For example, I recently grabbed a ride from an Uber driver in her 2014 Cadillac SRX.  As I usually do, I looked at the odometer on her vehicle and it was clipping away at over 49,000 miles.  I asked, “Did you lease this vehicle or purchase it?”  She said that she had done a one pay lease.  I said, “How many miles did you purchase?”  She said, “My lease is coming up and I purchased 30,000 miles, so I’m over my miles.”  I said, “By almost 20,000 miles and at $.25 a mile if you give it back, you’re looking at writing about a $5,000 check.  I would get out of this vehicle tomorrow if I were  you.”  She turned in her vehicle and wrote a check.

Some of you may be wondering why I didn’t help her to buy out her lease and the answer to that is that based on her buyout with GM, I knew that she would lose more than $5,000 buying the vehicle.  Fortunately, she had leased it and she had a guaranteed buyer which was General Motors, so she could give the vehicle back to them and write a check.  When they sell it at auction they will be losing more than the $5,000 she gave them for the additional depreciation.  Take that Suzy Orman and Dave Ramsey, who tell people that they should never lease a vehicle!  If she would have financed that vehicle she would have been in way worse shape trying to unload it with 49,000 miles.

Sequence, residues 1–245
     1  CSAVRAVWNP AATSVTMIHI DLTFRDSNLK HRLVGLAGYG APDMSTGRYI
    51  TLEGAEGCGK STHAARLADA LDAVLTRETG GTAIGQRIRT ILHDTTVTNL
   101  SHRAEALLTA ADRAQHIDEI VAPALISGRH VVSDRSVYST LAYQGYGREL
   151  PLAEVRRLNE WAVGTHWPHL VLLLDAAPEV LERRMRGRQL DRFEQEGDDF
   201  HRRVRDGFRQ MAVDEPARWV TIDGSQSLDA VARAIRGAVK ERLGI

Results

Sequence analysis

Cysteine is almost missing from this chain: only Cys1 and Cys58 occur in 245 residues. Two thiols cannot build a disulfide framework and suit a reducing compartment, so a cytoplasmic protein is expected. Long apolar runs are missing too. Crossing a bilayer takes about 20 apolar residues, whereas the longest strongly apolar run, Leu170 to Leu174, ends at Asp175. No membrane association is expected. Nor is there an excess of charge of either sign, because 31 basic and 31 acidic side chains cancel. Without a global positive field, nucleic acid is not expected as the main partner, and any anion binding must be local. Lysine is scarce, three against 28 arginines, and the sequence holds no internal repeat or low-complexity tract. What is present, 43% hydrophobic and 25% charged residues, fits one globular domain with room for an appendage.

I could tell you story after story like the one above because most of the people I know driving for Uber and Lyft are “clueless” about cars, trucks, depreciation, let alone running a taxi service.  I’m not trying to be mean, but many people just join these companies and start driving for money.  I’ve taken rides in expensive Lexus, a Porsche, Toyota Tundra’s, Expeditions, Yukons, the list goes on and on and I just shake my head most of the time.

So how do you actually run an Uber or Lyft taxi business?  First off, as some people are trying to do, you can’t copy the taxi cab companies.  They have a fleet of the same vehicles that they can use as parts when they are through putting a million miles on them.  The average Uber driver has one car that they are trying to make some money driving.  However, what you can do is very simple math.